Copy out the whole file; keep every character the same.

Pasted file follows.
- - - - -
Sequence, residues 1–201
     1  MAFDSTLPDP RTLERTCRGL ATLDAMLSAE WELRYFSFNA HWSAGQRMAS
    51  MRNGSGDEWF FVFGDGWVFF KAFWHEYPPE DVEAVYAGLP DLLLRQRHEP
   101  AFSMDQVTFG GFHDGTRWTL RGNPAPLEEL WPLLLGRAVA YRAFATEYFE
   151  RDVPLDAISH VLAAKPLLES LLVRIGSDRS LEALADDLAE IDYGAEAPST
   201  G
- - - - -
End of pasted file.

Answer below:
Sequence, residues 1–201
     1  MAFDSTLPDP RTLERTCRGL ATLDAMLSAE WELRYFSFNA HWSAGQRMAS
    51  MRNGSGDEWF FVFGDGWVFF KAFWHEYPPE DVEAVYAGLP DLLLRQRHEP
   101  AFSMDQVTFG GFHDGTRWTL RGNPAPLEEL WPLLLGRAVA YRAFATEYFE
   151  RDVPLDAISH VLAAKPLLES LLVRIGSDRS LEALADDLAE IDYGAEAPST
   201  G